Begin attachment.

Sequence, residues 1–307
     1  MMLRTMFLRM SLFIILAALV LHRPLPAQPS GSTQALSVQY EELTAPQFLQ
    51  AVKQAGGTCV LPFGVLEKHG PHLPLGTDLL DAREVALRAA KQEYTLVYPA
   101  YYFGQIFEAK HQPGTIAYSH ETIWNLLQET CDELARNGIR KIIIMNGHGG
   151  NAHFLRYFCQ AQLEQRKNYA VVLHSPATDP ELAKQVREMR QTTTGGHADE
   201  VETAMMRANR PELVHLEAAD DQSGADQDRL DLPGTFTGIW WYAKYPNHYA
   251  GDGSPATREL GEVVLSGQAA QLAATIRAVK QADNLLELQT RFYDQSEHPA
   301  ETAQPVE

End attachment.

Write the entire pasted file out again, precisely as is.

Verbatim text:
Sequence, residues 1–307
     1  MMLRTMFLRM SLFIILAALV LHRPLPAQPS GSTQALSVQY EELTAPQFLQ
    51  AVKQAGGTCV LPFGVLEKHG PHLPLGTDLL DAREVALRAA KQEYTLVYPA
   101  YYFGQIFEAK HQPGTIAYSH ETIWNLLQET CDELARNGIR KIIIMNGHGG
   151  NAHFLRYFCQ AQLEQRKNYA VVLHSPATDP ELAKQVREMR QTTTGGHADE
   201  VETAMMRANR PELVHLEAAD DQSGADQDRL DLPGTFTGIW WYAKYPNHYA
   251  GDGSPATREL GEVVLSGQAA QLAATIRAVK QADNLLELQT RFYDQSEHPA
   301  ETAQPVE